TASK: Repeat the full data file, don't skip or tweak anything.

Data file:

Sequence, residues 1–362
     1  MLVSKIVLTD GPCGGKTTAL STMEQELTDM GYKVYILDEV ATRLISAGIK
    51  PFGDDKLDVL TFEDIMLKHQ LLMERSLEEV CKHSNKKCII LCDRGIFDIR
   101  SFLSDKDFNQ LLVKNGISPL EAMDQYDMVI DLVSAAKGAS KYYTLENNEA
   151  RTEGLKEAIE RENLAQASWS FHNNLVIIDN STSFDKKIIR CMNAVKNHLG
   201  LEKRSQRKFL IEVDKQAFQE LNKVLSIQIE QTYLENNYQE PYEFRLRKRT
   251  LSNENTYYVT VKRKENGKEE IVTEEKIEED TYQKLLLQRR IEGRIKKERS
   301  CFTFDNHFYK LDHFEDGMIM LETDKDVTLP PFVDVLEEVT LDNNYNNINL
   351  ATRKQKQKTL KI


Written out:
Sequence, residues 1–362
     1  MLVSKIVLTD GPCGGKTTAL STMEQELTDM GYKVYILDEV ATRLISAGIK
    51  PFGDDKLDVL TFEDIMLKHQ LLMERSLEEV CKHSNKKCII LCDRGIFDIR
   101  SFLSDKDFNQ LLVKNGISPL EAMDQYDMVI DLVSAAKGAS KYYTLENNEA
   151  RTEGLKEAIE RENLAQASWS FHNNLVIIDN STSFDKKIIR CMNAVKNHLG
   201  LEKRSQRKFL IEVDKQAFQE LNKVLSIQIE QTYLENNYQE PYEFRLRKRT
   251  LSNENTYYVT VKRKENGKEE IVTEEKIEED TYQKLLLQRR IEGRIKKERS
   301  CFTFDNHFYK LDHFEDGMIM LETDKDVTLP PFVDVLEEVT LDNNYNNINL
   351  ATRKQKQKTL KI